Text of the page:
This guide is an attempt to help the genealogist past the problems of Polish terminology and the seemingly strange affects Polish has on place names. Also included is a list of translations of words commonly used to make up place names, although no guarantee can be made of the provenance of a particular name of a particular place. However, if nothing else, it will tell you what the contemporary Pole is thinking when he/she hears the name!
The first thing that must be noted is the frequency in which the same name is repeated again and again. If your ancestors came from 'Zalesie', say, then you could be in for a bit of hard work. 'Zalesie' to Polish place names is a bit like 'Smith' is to English surnmes! Be aware!
Many places use the same
central name and attach another word to it to diiferentiate it from the
main village. Sometimes numbers are used in either written or Roman numerals
(pierwsza, Druga, Trzecia, or I, II, III etc). Sometimes Stary (old), Nowy
(new), Dolny (valleys), Góry (large hill), Duży (large), Mały (small),
Wielki (great) etc. Beware that Polish uses gender, and these 'adjectives'
change their word endings depending on the gender of the noun. For example,
Lubelska goes with a feminine noun, Lubelski goes with a masculine noun,
Lubelskie goes with a neuter or plural noun. This gives us:
Gmina Lubelska - where 'gmina' is feminine ( and means: Lublin district)
Powiat Lubelski - 'powiat' is masculine (Lublin county)
Wojewodztwo Lubelskie - 'woj.' is neuter (Lublin province)
and, as an example of a plural: Powiaty Lubelskie (Lublin Powiats)
Adjectives, unlike English generally, can go either before or after a noun, so in Polish there is no difference between 'New York' and 'York New'. Of course, in most cases a choice has been made as to which way round they are comonly used for any particular place, often depending on things like rhythmn - just as most people say 'Black and White', and not 'White and Black' when describing old movies.
Most adjectives formed from nouns are easier to spot than Lublin - Lubelskie. Generally the last 1 or 2 letters of the noun are changed and the word may become a bit longer (Bydgoszcz - Bydgoskie, or Chelm - Chelmskie)
Another difference between English and Polish is that while it is common to put 2 nouns together to form a name (Lublin Castle, for example), it is typical in Polish to change one of the words into an adjective, so instead of Lublin Zamek, you have Zamek Lubelski.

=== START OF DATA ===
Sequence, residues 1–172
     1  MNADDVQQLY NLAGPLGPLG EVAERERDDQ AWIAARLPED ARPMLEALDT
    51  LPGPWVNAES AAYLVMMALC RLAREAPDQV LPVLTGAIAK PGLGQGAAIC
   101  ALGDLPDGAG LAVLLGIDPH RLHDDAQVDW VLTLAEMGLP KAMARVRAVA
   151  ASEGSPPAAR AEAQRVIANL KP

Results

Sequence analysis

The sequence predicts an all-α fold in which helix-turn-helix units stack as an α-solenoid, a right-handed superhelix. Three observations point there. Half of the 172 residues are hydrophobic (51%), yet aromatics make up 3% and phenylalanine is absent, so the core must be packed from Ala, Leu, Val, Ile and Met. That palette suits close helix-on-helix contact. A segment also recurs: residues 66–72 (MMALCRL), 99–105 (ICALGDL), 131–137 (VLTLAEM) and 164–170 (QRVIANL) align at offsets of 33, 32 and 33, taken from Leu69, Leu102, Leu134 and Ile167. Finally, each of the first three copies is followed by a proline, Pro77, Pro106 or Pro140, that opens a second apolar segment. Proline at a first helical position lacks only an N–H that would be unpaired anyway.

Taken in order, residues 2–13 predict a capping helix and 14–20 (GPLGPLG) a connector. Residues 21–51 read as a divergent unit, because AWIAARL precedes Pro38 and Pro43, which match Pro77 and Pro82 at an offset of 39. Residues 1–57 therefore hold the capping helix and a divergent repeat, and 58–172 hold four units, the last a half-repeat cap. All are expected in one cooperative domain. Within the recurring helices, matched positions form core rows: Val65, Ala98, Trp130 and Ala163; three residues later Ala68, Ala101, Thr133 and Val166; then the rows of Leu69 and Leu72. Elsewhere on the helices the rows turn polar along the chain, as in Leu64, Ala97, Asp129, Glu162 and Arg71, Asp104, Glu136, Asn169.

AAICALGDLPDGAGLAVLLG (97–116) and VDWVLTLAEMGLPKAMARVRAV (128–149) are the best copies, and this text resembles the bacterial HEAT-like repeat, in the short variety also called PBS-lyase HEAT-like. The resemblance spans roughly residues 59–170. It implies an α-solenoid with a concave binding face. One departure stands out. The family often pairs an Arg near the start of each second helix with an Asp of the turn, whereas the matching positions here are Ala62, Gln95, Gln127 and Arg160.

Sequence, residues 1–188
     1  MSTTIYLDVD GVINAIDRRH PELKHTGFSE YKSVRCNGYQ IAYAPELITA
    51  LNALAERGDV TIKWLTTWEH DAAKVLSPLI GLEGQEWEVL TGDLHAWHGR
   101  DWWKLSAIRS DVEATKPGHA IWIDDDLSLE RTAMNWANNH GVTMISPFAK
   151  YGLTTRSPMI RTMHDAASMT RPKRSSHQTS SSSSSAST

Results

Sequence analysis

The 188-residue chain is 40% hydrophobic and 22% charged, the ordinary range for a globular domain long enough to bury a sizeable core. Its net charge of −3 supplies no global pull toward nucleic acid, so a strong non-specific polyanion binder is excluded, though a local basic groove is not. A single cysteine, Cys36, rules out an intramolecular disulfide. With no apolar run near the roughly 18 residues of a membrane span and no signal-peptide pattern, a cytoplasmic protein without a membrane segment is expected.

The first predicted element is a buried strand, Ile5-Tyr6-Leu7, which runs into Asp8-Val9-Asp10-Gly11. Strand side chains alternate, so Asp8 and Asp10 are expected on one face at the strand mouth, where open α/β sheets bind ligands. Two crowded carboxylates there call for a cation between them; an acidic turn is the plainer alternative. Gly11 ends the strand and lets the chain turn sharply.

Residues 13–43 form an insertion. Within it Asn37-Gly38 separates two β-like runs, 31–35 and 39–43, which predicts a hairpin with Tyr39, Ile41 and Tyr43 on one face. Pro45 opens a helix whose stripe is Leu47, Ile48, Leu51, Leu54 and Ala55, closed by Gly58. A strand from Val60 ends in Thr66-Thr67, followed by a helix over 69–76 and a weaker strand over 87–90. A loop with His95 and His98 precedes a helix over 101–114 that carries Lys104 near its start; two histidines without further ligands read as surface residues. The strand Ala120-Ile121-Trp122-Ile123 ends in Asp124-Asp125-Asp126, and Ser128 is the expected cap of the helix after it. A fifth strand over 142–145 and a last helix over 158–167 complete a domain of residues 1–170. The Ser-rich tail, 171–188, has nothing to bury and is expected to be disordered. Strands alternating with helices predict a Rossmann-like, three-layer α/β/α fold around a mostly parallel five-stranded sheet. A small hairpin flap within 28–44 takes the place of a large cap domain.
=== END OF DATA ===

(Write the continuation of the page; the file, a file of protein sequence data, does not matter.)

How an adjective and a noun are used together can also vary, and I don't just mean gramatically but historically for the name of a particular place. Take the example of Stara Wies (which means 'Old Village', by the way), east of Łęczna. Wies is a feminine noun and so we use the feminine form of the adjective 'stara/stary/stare'. However, if we actually join the two words together to form one word, then this is typically done by using an 'O'. Hence, Stara Wies becomes Starowies. This is an important fact to remember as the above mentioned Stara Wies was actually known as Starowies up until sometime in the 1950's.
So, if you had a document from 1905 with Starowies on it and looked in my atlas then you would see 2 Starowies's and maybe not notice the 35 Stara Wies's.
If you are having difficulties in finding a place name, here or elsewhere, try looking for the name with, or without, words like 'stary', 'duze' attached. Your ancestor may not have bothered to mention the attachment, or the name may have changed over the past 150 years, say.
Some places take the name of an animal (baran=male sheep) or a product (malinówka=raspberry). These were often settlements estaliblished to produce this product for a certain establishment (maybe a castle).
Other places are named after
people (owners or saints) or other places. Taking the latter first, I know
of 3 Ameryka's,
Note that in the 1930's, the 'X' was dropped from the Polish language and replaced by 'KS'. Names like 'Alexander' became 'Aleksander'. So, if you are looking for a name that began 'X...', then you will find it under 'KS...'
Kolonia - Many of
the places which use the word 'Kol.' (kolonia) in their name often have
a loose structure, consisting of a series of strip fields, most of them
having a farmstead built on it. Historically, the term kolonia was used
to describe a new settlement some distance away from the original one.
Sometimes they were created to give land to refugees and sometimes to exploit
some raw material. note that 'kolonia', or just 'kol.' may come either
before or after the name as in Polish word order is not so important. So,
Kol. Sernicki is the same place as Sernicki Kol. In the place name guide
I have placed 'kolonia' at the end of the name so that you can find 'Sernicki
Kol.' next to 'Sernicki' in the index - so don't worry if you have a document
that gives one or the other, I could show you 2 maps where on one the 'kol.'
comes first and the other has the 'kol.' last. Kolonia is used heavily